Mazda has been talking about bringing its 2.2-liter Skyactiv-D diesel engine to the U.S. market for the better part of a decade, and now we finally have a firm date and a confirmed model: 2017, in the new CX-5.
The 2017 CX-5 was unveiled at the L.A. auto show. Mechanical specifications are still scarce, with Mazda at first confirming only that the 2.5-liter four-cylinder engine—the mainstay powerplant in the current CX-5—would return and that the current, base 2.0-liter four-cylinder wouldn’t. We’ve also heard rumblings that a manual transmission will be available in the new model.
Now Mazda is saying that the 2.2-liter diesel will be offered here, starting in the second half of 2017. Again, Mazda is providing no specs, although in other markets the sequentially turbocharged Skyactiv-D makes as much as 173 horsepower and 310 lb-ft of torque at 2000 rpm. Whether it will be available with the six-speed stick or just the six-speed automatic also remains to be seen. No fuel-economy estimates are available as of yet, with Mazda saying only that the diesel-engine CX-5 would be “one of the most fuel-efficient vehicles in its class.”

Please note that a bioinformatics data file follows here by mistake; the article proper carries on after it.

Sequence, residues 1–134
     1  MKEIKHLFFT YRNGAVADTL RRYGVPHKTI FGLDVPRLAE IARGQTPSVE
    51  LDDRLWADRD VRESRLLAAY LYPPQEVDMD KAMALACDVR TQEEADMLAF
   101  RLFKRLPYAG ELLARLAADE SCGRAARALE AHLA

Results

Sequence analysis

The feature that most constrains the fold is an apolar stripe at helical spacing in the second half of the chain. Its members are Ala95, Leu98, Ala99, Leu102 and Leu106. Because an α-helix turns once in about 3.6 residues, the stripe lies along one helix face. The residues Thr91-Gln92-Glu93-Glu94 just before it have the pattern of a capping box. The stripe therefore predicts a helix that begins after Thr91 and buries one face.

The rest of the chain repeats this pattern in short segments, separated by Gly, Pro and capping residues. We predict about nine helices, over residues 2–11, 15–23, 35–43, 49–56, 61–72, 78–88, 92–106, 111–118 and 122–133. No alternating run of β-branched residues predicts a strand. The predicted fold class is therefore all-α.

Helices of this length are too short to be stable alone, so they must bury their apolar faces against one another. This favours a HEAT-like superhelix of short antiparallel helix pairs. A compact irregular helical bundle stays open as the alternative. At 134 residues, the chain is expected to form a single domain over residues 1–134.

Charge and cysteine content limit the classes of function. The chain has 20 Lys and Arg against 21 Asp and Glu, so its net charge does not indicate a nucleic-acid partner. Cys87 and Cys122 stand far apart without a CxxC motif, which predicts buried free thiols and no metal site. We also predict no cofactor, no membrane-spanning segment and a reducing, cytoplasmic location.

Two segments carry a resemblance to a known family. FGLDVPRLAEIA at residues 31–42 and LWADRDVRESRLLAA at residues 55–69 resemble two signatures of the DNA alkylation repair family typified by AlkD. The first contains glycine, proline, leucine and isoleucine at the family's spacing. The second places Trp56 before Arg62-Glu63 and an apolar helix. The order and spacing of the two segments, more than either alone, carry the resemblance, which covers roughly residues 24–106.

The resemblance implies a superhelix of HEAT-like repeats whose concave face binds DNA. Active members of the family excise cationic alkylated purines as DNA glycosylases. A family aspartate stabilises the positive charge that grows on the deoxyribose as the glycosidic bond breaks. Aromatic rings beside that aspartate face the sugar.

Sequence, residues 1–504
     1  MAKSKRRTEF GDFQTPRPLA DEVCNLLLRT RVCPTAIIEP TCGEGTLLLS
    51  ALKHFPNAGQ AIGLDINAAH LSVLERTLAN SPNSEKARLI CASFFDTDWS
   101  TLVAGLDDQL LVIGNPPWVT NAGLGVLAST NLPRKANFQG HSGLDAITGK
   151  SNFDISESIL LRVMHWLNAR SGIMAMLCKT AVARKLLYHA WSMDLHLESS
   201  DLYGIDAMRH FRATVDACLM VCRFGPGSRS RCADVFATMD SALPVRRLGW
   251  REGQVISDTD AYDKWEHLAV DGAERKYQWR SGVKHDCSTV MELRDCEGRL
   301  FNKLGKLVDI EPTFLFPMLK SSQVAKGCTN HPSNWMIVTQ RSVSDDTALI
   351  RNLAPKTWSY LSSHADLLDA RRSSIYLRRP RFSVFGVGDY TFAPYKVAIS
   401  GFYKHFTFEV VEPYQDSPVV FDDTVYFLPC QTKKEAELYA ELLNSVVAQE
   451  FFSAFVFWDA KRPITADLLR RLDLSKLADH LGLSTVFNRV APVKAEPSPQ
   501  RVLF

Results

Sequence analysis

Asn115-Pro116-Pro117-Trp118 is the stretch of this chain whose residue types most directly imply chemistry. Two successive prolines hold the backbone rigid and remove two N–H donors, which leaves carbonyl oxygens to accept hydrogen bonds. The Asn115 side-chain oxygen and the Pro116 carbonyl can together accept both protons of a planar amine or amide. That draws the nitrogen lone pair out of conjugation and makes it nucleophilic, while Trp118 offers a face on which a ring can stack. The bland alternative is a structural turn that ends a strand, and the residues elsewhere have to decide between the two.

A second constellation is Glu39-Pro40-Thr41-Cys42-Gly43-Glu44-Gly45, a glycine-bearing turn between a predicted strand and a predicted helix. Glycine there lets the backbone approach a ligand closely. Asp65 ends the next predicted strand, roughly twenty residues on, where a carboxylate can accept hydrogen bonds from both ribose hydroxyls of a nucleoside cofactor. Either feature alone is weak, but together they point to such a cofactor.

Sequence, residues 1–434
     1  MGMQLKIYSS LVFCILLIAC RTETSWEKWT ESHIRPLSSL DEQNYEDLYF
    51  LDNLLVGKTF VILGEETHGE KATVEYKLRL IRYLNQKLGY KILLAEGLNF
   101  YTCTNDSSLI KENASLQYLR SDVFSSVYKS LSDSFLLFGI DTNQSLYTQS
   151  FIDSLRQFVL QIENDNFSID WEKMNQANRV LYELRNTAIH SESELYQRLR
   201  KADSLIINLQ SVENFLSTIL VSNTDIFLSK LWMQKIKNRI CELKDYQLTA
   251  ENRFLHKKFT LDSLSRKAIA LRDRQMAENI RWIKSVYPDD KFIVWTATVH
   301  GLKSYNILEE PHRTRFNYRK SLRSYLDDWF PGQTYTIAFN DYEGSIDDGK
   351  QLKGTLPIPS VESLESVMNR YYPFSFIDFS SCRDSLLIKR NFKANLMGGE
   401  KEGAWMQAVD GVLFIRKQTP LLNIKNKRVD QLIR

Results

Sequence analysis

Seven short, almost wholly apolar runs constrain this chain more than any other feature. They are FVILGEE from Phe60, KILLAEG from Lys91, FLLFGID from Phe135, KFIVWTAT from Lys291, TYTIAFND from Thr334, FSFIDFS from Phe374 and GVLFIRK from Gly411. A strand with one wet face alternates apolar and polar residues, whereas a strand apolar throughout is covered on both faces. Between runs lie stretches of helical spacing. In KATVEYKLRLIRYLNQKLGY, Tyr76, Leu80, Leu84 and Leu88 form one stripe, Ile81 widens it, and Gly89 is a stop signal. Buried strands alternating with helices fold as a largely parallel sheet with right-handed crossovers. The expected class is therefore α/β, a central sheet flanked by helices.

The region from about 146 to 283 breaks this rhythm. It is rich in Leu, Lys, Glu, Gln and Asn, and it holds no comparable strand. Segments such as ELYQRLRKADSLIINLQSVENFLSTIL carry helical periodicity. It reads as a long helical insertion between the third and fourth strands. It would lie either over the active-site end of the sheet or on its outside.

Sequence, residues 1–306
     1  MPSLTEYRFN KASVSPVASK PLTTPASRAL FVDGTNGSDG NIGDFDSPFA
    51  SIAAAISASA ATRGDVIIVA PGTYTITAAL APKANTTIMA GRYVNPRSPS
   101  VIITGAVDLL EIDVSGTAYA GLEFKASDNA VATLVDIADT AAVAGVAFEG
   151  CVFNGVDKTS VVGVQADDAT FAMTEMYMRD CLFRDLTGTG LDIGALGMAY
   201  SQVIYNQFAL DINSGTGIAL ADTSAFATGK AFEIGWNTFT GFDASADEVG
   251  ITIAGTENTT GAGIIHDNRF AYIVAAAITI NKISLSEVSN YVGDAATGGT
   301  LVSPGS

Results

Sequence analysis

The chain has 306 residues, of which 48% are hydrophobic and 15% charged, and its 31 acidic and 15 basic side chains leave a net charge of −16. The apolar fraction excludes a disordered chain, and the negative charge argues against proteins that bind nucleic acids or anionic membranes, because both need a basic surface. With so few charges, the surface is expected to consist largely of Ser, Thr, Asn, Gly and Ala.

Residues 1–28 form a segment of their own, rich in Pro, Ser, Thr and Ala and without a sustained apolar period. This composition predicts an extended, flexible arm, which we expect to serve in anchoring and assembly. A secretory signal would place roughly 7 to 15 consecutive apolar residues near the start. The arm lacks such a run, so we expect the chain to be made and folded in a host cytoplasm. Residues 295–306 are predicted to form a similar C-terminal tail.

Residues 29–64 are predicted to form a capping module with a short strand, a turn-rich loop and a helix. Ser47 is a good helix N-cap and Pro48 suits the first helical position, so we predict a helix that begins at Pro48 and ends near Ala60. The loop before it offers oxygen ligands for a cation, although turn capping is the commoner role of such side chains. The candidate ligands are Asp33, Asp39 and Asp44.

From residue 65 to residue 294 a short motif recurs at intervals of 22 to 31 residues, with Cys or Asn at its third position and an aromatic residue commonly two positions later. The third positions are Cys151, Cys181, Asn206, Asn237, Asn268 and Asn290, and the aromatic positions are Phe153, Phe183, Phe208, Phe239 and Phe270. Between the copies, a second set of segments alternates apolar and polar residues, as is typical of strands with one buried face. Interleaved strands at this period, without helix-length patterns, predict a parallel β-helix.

Given the poisoned environment for diesels in this country in the wake of the Volkswagen diesel-cheating scandal, Mazda must have a lot of confidence that its Skyactiv-D will make a compelling case to consumers. Mazda told us that the engine will meet our emissions standards, which is good, as it’s sure to get plenty of scrutiny from U.S. environmental regulators.